Working Capital & Liquidity

Working Capital, defined as current assets less current liabilities is increasing a lot since 2008. An increase in working capital can be either good or bad because for sure the company has more assets to face short-term obligations, but that increase could be due to lack of liquidity of those assets, like increase in inventories from difficulties in selling the stocks. Fortunately, Crocs working capital increase is mainly due to the increase in cash and cash equivalents which accounts for 49% of current assets in 2011 (38% and 29% in 2010 and 2009 respectively).

Without cash, WC is much more stable since 2008. In this year, lower sales and a lot of fixed costs made inventories and receivables decrease more than payables. Of course this is only true because collecting, paying and inventory holding periods have followed a similar trend.

The fact that the company receives from its clients sooner than when it needs to pay its suppliers, is a good thing. Also, if the AIHP remains unchanged and APP increases more than ACP, this means the cash cycle of the company will be decreasing, and that is also a good thing. It helps to reduce Working Capital needs, which means a release of cash-flow.

Now it's important to understand if this is sustainable or if the industry has other tradition.

The APP is one of the highest in the sample. In another case it would be weird that a company increased its APP at such a fast pace, without increasing ACP an being on the top end compared to its peers. Still Crocs has been able to maitain its gross margin (so it's not paying for this "delay") and it current liquidity position is pretty good as we'll see. So one solution left: bargaining power increase.

Still, i'd say the company might reduce this period in the future, or at least that it won't be able to delay it much longer. On the other hand, Crocs is a very unique company to what concerns its supplies specially regarding Croslite. Anyway, as the company moves to new products and uses new materials, APP should fall a little.

Crocs ACP is pretty much on the average. It could never compete with pure retailers, but it has a good position compared to other wholesalers and "hybrids".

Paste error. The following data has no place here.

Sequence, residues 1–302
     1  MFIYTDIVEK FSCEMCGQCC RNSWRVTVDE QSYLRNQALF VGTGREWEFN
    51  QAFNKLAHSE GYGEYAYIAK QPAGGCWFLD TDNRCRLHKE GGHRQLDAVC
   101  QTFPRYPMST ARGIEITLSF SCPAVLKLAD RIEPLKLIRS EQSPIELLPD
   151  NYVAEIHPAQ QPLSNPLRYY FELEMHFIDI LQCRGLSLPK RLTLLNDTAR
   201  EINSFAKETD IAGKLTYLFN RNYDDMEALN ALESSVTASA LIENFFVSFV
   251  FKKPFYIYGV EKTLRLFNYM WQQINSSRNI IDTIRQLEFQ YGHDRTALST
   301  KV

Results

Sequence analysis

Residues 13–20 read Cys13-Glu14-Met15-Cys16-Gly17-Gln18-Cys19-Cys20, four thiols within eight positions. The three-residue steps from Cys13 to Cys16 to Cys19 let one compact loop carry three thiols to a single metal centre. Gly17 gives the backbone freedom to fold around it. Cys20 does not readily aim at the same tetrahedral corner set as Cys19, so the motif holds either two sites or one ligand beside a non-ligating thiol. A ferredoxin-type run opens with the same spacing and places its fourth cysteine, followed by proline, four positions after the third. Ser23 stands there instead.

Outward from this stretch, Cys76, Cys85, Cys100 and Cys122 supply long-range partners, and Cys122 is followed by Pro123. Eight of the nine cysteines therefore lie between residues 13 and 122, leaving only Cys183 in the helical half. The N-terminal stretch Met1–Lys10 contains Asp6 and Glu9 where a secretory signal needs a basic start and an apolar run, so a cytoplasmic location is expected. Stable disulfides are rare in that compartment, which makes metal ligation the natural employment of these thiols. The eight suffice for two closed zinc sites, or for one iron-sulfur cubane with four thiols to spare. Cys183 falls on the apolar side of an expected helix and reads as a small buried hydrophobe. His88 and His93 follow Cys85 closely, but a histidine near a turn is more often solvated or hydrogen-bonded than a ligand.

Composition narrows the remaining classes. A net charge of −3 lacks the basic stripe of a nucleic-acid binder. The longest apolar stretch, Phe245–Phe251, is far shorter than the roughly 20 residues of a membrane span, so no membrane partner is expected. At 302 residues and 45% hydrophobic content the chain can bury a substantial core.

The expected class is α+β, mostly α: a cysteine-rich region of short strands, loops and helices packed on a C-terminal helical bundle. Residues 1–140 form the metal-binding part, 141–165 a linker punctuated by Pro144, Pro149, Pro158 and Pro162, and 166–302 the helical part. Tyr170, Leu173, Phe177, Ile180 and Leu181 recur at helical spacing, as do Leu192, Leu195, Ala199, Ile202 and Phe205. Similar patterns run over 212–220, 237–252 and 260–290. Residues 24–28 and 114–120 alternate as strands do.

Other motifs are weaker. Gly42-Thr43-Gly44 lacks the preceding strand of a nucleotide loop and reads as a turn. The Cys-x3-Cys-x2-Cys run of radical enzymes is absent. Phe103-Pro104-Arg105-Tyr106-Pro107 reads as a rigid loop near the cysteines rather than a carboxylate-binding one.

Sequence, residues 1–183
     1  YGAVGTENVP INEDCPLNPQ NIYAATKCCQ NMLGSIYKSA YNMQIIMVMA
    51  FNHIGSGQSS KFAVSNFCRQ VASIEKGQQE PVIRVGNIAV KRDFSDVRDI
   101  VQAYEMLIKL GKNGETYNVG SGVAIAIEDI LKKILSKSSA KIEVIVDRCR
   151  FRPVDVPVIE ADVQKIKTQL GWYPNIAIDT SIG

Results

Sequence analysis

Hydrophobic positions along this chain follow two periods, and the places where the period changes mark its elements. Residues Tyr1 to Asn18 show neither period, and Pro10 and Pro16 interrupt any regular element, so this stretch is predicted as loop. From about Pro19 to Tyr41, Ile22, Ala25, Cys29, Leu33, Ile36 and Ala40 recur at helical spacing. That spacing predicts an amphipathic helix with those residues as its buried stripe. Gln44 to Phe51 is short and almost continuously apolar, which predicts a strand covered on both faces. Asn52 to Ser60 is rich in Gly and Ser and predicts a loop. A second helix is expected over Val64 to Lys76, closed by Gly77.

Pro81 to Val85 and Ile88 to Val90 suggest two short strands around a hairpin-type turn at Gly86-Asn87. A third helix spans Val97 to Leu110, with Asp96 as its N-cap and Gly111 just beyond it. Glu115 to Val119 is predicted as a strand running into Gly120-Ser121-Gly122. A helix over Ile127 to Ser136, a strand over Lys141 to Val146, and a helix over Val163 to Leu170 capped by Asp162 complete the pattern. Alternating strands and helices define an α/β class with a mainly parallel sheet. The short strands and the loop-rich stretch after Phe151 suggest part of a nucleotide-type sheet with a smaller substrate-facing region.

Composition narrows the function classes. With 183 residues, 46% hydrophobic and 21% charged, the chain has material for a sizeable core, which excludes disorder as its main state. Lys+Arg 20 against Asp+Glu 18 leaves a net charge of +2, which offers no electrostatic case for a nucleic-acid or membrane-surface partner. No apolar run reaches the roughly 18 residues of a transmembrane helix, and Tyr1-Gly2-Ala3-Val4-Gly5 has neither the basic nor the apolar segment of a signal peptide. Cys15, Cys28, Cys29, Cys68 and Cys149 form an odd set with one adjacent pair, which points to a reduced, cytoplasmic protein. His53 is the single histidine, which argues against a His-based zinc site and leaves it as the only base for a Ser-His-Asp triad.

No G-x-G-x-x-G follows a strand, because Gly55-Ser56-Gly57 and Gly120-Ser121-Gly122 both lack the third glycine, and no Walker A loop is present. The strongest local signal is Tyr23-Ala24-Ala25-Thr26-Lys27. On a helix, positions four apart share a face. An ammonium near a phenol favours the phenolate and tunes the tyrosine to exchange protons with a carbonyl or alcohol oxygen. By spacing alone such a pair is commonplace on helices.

AIHP is also on the average. This is very important as we've seen operational efficiency is a major contributor to return on equity.

In summary, the cash cycle of the company (73 days) is a bit lower than average (88 days), and is following a doward trend.



Crocs doesn't seem to have liquidity problems. The company has a huge amount of cash ($207M at the end of Q1 2012) to face current liabilities (<$195M). Despite the fast growth experienced, working capital needs are increasing very slowly as the company is reducing its cash cycle.

The best part of this is that all this cash is coming from operating activities. You can see in the annual cash-flow statement that cash-flow from operations is growing at an AAGR = 100% since 2007! It grew 37% and 71% in 2011 and 2010 respectively.

Still, in order to provide aditional liquidity in the future Crocs also has a revolving credit facility with a syndicate of lenders, which currently provides with up to $70.0 million in borrowings. It's important to notice that in Q1 2012 Crocs had $24.1 million of outstanding borrowings under the Credit Facility compared to $0.4M in 2010. This means that the financial position of the company as of March 31st, 2012 actually changed a little, even though the company is still net cash.


Tópico: Working Capital & Liquidity

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